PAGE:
14. cleesmith2 - Jul 29, 2012 at 9:40 PM

    There’s just so much wrong with the comments posted on this article.

    Columbus should be COMMENDED for how well they’ve supported this hot mess of a franchise. The fans still show up, the corporate support is still strong. The market doesn’t need replacing, it’s the OWNERSHIP that needs replacing.

    Regarding moving to a new city, did we move the Blackhawks when Dollar Bill ran that club into the ground and crowds regularly fell below 10k? Did we move the Red Wings in the 80s when they had to give away cars to get people to the Arena? DId we move the Penguins? The Islanders? The Ducks? The Coyotes? But yet, when the teams put an entertaining product on the ice, the barns are packed.

    Regarding Cleveland, you’re talking about the same city that couldn’t draw 10k earlier this year when the Indians were in first place?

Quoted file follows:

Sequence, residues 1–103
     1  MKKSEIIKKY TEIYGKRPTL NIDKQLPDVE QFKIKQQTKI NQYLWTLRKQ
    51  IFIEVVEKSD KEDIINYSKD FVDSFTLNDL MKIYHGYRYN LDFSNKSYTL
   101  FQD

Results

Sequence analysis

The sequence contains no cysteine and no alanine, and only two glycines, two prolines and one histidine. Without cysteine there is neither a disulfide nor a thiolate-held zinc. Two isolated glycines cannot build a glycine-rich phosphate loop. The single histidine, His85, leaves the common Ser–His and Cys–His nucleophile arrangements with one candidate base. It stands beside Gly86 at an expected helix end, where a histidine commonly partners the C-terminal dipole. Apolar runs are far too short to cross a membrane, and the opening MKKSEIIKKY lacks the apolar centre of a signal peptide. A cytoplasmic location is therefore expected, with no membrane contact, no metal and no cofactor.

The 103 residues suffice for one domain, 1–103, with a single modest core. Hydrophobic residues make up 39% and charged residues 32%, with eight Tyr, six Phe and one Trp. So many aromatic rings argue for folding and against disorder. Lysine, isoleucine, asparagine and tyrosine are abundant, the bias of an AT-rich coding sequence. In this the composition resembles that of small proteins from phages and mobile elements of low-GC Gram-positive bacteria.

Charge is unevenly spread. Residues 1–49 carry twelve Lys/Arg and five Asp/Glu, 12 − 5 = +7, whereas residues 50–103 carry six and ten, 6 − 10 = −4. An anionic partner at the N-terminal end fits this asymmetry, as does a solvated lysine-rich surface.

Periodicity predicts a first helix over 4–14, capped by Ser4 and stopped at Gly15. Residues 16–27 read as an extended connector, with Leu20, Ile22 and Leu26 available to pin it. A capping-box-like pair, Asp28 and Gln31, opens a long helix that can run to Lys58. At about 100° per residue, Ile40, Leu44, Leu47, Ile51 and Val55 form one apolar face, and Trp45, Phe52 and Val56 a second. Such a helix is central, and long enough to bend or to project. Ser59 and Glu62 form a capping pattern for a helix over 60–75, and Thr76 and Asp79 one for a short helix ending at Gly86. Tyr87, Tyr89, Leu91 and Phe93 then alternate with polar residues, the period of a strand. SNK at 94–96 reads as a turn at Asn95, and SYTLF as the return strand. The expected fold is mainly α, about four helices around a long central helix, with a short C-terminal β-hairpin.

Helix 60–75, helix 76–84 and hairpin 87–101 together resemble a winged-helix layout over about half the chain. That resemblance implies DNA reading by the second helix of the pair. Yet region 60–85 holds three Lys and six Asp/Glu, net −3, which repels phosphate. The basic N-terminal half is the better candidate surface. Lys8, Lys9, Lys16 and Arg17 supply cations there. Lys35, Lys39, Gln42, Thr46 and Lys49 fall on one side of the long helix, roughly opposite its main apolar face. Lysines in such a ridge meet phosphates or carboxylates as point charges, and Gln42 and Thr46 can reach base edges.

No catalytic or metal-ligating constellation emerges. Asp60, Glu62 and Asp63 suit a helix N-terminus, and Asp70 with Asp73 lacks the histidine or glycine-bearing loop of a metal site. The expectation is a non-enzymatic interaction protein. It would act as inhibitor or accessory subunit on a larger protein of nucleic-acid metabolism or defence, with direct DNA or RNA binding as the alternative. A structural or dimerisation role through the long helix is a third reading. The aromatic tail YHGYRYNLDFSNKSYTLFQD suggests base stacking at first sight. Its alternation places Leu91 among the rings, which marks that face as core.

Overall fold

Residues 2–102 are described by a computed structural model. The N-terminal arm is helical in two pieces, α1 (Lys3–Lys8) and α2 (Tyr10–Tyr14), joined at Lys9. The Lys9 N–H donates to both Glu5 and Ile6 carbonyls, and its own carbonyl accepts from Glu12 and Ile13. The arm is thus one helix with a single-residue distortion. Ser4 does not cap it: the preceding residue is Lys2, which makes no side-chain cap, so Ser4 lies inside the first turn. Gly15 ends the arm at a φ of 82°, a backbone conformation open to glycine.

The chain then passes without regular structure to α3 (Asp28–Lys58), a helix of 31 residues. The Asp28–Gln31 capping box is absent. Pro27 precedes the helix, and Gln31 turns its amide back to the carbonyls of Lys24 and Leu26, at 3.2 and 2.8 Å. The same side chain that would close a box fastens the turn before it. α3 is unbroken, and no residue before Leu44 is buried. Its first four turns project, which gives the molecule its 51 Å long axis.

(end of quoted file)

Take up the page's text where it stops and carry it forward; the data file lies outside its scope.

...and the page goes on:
Regarding Cincinnati, you’re talking about the same city that regularly gets blacked out because their playoff-bound NFL team couldn’t sell out?

    Regarding Toledo, oh that’s not even a serious suggestion.

  15. drew1969 - Jul 29, 2012 at 10:37 PM

    Cincinnati might work,but imo,the nba would be a better fit.I dont know,however,if they have an nhl or nba ready facility.

    • cincycbjfan - Jul 30, 2012 at 8:33 AM

      US Bank Arena (Riverfront Coliseum, Firstar Center, whatever they’re calling it today…) 14,400 supposedly for hockey… that’s probably with 2000 of them in the skyboxes (literally in the ceiling!), opened 1975!!!

      So, the short answer… NO, we do not have a “ready” facility…

      Put a winning product on the ice, and I will resume my 200 mile round-trips to Columbus… until then, I’m saving $$$ on gas!

  16. 950003cups - Jul 29, 2012 at 10:41 PM

    This is what people say about the Devils moving to Newark. It’s all BS. If the games are fun to go to, people will show up. Entertainment is the business they’re in. If we’re entertained we will continue to pay and go. If not……